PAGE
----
Ghana’s government has announced it plans to join the West African currency that will replace the CFA franc in 2020 in eight regional countries.
The adoption of the new currency, which is called the Eco, would make Ghana the bloc’s largest economy, ahead of neighboring Côte d’Ivoire, but it urged members of the currency union to ditch a planned peg to the Euro.
Eight countries of the West African Economic and Monetary Union (mostly former French colonies) are currently using the CFA Franc.
Ghana is not part of the monetary bloc and has its own currency, the cedi.
“We, in Ghana, are determined to do whatever we can to enable us (to) join the Member States of the West African economic and monetary union (WAEMU), soon, in the use of the Eco, as, we believe, it will help remove trade and monetary barriers,” President Nana Akufo-Addo’s office said in a statement.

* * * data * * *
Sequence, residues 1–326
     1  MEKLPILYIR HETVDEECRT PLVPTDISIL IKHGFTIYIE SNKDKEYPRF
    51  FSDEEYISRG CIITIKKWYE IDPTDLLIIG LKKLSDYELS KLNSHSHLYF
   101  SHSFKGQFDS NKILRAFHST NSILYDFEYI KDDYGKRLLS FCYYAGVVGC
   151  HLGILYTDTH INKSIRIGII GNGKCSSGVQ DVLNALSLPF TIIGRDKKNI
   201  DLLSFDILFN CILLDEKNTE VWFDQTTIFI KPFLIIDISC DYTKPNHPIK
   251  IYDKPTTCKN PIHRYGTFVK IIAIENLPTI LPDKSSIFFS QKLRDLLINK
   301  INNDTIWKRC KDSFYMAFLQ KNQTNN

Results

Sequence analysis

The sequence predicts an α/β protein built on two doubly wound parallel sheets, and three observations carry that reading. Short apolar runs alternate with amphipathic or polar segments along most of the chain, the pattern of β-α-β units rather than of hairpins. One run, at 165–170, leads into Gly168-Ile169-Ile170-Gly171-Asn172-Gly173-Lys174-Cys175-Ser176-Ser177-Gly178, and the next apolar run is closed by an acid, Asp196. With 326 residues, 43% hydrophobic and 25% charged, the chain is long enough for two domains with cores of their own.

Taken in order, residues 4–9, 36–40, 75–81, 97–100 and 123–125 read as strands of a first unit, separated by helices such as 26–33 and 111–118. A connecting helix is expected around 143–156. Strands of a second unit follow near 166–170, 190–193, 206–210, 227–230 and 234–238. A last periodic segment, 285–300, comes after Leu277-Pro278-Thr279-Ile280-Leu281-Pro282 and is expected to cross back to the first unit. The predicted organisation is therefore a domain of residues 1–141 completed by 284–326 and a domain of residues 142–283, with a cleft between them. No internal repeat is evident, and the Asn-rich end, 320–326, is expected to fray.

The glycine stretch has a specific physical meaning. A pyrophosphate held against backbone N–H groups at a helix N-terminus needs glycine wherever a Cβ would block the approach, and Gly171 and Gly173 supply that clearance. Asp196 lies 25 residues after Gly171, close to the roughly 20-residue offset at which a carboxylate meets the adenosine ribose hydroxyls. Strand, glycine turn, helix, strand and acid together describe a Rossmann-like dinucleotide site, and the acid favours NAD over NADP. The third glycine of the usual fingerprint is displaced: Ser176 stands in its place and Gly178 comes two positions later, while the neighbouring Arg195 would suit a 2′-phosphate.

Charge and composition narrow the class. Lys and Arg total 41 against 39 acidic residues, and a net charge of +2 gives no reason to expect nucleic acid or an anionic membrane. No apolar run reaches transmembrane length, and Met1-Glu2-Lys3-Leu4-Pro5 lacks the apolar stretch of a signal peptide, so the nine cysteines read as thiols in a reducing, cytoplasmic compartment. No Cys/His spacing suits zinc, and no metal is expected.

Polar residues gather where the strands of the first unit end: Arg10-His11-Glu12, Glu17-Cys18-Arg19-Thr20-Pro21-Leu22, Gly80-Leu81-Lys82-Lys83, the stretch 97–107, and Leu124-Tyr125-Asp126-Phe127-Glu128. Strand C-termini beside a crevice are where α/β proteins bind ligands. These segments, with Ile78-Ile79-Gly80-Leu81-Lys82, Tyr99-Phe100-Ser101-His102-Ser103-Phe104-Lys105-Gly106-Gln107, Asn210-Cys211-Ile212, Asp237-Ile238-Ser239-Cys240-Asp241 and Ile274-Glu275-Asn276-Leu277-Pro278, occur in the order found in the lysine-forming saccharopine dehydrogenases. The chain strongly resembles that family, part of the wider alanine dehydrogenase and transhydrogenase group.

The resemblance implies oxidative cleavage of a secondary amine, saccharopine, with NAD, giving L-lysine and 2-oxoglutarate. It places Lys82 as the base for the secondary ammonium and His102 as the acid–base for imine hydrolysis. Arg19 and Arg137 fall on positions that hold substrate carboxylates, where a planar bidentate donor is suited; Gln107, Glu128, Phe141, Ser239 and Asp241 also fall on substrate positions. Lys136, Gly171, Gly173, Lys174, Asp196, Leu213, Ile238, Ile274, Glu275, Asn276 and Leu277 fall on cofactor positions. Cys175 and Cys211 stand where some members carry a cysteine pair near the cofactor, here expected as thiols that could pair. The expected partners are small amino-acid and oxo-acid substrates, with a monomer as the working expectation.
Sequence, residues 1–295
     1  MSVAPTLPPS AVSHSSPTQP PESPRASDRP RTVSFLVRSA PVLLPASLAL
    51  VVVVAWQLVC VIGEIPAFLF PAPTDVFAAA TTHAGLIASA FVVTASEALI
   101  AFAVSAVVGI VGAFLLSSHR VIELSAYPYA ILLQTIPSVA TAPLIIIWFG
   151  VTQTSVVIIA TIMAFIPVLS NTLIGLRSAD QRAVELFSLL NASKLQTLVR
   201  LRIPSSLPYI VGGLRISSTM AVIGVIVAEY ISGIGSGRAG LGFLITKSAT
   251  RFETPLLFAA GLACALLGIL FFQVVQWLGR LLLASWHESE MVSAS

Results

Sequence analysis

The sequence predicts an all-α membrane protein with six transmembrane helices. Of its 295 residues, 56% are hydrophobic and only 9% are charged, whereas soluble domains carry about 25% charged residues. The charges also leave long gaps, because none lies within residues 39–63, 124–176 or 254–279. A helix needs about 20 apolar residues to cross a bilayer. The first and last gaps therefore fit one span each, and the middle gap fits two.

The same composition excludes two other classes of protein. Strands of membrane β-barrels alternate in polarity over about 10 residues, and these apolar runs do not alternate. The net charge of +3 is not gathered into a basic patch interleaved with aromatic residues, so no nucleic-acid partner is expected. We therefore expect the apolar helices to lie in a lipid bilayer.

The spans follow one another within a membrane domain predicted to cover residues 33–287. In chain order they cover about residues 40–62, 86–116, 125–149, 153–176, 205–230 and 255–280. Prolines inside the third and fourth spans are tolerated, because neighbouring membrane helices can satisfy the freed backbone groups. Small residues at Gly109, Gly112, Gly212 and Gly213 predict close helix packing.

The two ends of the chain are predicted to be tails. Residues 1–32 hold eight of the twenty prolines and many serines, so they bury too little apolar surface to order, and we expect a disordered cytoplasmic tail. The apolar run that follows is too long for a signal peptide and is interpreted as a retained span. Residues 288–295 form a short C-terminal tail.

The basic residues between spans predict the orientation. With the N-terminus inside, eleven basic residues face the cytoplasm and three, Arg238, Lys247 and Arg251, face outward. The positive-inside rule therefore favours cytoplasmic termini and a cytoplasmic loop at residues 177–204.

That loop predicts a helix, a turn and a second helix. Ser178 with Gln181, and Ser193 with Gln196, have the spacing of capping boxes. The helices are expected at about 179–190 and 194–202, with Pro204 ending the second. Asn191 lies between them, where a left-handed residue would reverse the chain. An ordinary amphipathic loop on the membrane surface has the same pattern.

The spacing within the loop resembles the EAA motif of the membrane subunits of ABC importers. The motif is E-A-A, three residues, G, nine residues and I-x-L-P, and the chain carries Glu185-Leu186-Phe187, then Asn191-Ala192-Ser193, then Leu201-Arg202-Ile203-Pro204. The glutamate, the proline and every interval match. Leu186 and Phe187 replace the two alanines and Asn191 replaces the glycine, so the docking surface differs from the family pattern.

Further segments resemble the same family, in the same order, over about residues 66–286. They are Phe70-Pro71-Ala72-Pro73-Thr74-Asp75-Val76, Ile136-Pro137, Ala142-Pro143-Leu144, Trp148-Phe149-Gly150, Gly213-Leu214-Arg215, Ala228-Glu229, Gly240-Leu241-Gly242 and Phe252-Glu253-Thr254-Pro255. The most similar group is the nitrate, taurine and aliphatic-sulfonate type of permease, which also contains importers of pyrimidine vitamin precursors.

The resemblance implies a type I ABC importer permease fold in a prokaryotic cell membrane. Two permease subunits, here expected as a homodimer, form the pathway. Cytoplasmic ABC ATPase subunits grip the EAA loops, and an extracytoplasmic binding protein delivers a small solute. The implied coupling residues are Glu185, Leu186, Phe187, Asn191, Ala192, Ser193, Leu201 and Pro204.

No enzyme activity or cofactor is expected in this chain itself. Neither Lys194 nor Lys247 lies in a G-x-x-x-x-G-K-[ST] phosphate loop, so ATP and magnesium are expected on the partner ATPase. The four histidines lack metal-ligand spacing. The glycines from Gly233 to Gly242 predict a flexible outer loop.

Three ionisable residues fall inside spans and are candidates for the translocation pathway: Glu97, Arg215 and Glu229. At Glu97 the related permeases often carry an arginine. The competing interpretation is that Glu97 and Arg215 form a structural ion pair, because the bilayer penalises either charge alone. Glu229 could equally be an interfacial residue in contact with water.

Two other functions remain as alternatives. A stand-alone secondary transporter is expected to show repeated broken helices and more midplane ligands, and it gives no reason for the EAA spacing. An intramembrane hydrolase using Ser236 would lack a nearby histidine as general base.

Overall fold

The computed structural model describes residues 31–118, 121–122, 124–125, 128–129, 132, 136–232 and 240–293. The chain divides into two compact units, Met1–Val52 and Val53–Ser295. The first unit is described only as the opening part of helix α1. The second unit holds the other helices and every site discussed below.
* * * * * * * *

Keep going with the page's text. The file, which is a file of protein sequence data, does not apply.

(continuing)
However, the statement indicated that Ghana opposed plans to keep the Eco pegged to the Euro, urging regional authorities to work quickly toward “adopting a flexible exchange rate regime”.
The CFA franc’s value was moored to the Euro after its introduction two decades ago, at a fixed rate of 655.96 CFA francs to one Euro. The CFA franc, created in 1945, was seen by many as a sign of French interference in its former African colonies even after the countries became independent and was condemned as a representation of neo-colonialism.
Last week, ECOWAS “urges member states to continue efforts to meet the convergence criteria”, commission chief Jean-Claude Kassi Brou said after a summit of regional leaders in the Nigerian capital Abuja.
The key demands for entry are to have a deficit of less than 3 percent of gross domestic product, inflation of less than 10 percent and debts worth less than 70 percent of GDP.